Mary C: Education or Segregation? Fight Over HB514

House Bill 514 Gets Closer to Becoming Law


It’s called House Bill 514, steadily working its way through the North Carolina General Assembly, and if passed, it could change North Carolina’s education landscape in historic ways. What is at stake?

–What the bill does? The bill would allow four majority-white suburban towns outside Charlotte — Matthews, Mint Hill and Huntersville and Cornelius — to create their own charter schools, giving preference to town residents for seats. That bill cleared the Senate on Monday and has gone back to the House, which approved it last year, for a vote on changes made in the Senate.

–Funding change: The bill, combined with a change in this year’s state budget, gives cities the authority to spend tax money on public education; it has drawn national attention as changing the landscape of segregation and school choice in North Carolina.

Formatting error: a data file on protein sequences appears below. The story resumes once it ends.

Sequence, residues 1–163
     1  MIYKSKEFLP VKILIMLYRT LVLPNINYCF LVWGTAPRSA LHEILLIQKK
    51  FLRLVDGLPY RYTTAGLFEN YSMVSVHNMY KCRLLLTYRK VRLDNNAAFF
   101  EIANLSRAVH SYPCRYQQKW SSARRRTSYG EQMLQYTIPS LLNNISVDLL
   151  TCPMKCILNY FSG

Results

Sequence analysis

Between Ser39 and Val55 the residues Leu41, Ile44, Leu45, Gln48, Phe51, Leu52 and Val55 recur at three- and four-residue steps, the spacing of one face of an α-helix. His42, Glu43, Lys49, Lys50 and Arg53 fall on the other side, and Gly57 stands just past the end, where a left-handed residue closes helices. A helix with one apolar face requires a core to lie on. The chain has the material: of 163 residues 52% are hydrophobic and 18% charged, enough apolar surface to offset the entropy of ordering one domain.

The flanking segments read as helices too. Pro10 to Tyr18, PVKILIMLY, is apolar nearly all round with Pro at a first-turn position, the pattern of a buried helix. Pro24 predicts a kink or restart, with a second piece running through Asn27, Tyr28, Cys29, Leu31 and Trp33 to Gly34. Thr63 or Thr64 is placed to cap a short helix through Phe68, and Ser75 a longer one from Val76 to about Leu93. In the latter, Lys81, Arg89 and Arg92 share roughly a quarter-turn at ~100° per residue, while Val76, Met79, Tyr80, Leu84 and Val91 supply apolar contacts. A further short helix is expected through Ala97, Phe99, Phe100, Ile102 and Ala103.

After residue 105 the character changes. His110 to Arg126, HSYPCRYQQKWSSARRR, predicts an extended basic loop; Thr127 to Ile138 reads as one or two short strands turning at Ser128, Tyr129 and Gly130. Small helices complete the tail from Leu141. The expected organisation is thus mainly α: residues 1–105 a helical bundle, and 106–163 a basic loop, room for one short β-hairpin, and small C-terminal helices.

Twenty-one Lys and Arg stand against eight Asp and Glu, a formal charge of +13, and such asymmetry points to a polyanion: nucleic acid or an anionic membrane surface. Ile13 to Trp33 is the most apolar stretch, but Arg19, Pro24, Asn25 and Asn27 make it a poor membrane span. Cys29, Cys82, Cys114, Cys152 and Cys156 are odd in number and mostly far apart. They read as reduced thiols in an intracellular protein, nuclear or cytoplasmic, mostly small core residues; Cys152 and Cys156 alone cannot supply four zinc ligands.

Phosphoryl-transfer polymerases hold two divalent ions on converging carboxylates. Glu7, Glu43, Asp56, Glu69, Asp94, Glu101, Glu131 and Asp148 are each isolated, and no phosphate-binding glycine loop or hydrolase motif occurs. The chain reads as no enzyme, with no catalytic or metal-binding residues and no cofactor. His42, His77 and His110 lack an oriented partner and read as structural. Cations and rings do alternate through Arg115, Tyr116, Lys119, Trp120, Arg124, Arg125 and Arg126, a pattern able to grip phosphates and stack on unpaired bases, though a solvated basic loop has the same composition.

–Backers say the bill simply gives one more option to towns with overcrowded schools and concerns about a large school district that has sometimes neglected suburban needs.

–Opponents say it would result in segregated schools and move backward.

–Support for the bill, introduced by Rep. Bill Brawley, is overwhelmingly from white legislators, with many lawmakers of color in opposition.

–At a Tuesday news conference, four African-American former school board chairs urged North Carolinians to “stand up and fight institutional racism.” North Carolina NAACP President T. Anthony Spearman said HB 514 was a “sneaky and underhanded” attempt to create “Jim Crow independent school districts.”

–A court fight? Some CMS leaders say they may take the matter to court.

–Diverse schools? —Some say it does not matter; others say you need diverse schools to prepare students for a multi-cultural world.

Like so many other issues in North Carolina, from voting to redistricting, race seems to play a part.

(Mary C. Curtis)